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In 1967 Larry Heinemann was sent to Vietnam as an ordinary soldier. It was the most horrific year of his life, truly altering him—and his family—forever. In his powerful memoir, Heinemann returns to Vietnam, riding the train from Hanoi to Ho Chi Minh city and confronting the memories of his war year. Black Virgin Mountain confirms Heinemann’s legendary plain-spoken reputation as one of the essential chroniclers of our war in Vietnam
“A brilliant, masterful piece of writing. . . . Loving, smart, angry, tender, blunt, heartbreaking, tough, edgy, funny, bitter, redemptive, and so incredibly well-written. . . . Black Virgin Mountain, I promise, will endure.”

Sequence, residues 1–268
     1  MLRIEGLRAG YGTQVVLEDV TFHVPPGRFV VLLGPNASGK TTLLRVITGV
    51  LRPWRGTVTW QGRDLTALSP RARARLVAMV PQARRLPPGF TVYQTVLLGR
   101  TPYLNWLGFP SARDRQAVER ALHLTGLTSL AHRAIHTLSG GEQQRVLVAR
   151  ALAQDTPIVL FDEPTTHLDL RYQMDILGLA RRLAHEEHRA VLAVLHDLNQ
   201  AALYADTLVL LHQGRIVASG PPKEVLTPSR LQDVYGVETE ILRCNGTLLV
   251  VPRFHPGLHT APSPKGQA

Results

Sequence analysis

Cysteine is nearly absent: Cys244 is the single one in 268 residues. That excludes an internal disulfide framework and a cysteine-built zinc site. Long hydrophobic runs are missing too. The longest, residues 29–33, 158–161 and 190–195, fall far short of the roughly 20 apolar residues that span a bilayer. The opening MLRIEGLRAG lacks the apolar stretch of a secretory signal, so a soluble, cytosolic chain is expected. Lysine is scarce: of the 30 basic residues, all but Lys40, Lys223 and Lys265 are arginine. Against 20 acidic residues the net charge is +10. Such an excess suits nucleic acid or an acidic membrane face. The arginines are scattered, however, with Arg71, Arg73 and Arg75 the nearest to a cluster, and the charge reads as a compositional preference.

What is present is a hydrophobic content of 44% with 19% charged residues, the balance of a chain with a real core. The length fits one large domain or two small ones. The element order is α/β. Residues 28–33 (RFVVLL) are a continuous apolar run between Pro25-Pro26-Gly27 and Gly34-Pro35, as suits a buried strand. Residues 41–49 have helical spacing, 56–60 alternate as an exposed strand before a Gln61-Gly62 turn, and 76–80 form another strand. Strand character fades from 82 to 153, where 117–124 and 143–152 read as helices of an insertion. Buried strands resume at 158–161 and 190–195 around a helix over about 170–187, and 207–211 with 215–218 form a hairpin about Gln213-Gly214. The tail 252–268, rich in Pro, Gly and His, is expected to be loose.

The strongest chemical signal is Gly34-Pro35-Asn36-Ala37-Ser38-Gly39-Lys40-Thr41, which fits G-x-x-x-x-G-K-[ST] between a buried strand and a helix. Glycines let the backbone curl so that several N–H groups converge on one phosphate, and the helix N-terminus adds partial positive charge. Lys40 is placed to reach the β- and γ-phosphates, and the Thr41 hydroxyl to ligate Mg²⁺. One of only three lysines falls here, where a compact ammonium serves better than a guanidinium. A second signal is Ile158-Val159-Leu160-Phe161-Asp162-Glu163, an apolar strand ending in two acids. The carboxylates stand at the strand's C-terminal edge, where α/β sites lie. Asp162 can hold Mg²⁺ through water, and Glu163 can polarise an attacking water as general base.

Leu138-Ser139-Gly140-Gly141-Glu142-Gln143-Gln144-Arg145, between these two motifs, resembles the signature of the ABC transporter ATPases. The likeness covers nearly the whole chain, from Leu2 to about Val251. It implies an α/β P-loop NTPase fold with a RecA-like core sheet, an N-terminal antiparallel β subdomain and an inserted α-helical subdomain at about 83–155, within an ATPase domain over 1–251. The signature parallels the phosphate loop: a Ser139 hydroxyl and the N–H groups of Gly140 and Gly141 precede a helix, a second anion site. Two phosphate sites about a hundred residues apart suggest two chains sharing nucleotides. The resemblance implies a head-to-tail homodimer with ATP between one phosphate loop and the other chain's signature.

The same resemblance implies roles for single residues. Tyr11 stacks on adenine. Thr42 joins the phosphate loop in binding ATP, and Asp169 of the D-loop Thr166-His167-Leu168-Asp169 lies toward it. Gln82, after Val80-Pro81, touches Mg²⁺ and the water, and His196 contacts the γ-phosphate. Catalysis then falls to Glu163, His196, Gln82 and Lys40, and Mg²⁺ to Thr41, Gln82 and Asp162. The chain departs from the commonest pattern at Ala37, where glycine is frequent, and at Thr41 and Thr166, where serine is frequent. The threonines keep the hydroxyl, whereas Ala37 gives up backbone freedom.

–Tim O’Brien, author of The Things They Carried
“No American novelist has written about the profound issues of military combat better than Larry Heinemann. Now he has written—in that ravishingly dynamic narrative voice that is distinctly his own—the finest memoir to come from the Vietnam War.”
–Robert Olen Butler, Pulitzer Prize-winning author of A Good Scent from a Strange Mountain
“Heinemann [is]. . . some would say, the best writer of the Vietnam generation. . . . [Black Virgin Mountain] puts the Vietnam War in the context of America’s other wars, at least in regard to what any war does to its veterans.”
–Los Angeles Times
“An excellent gateway to the war and its impact on families, American and Vietnamese. Heinemann takes the reader on an extraordinary journey of reconciliation both for himself and for Vietnam.”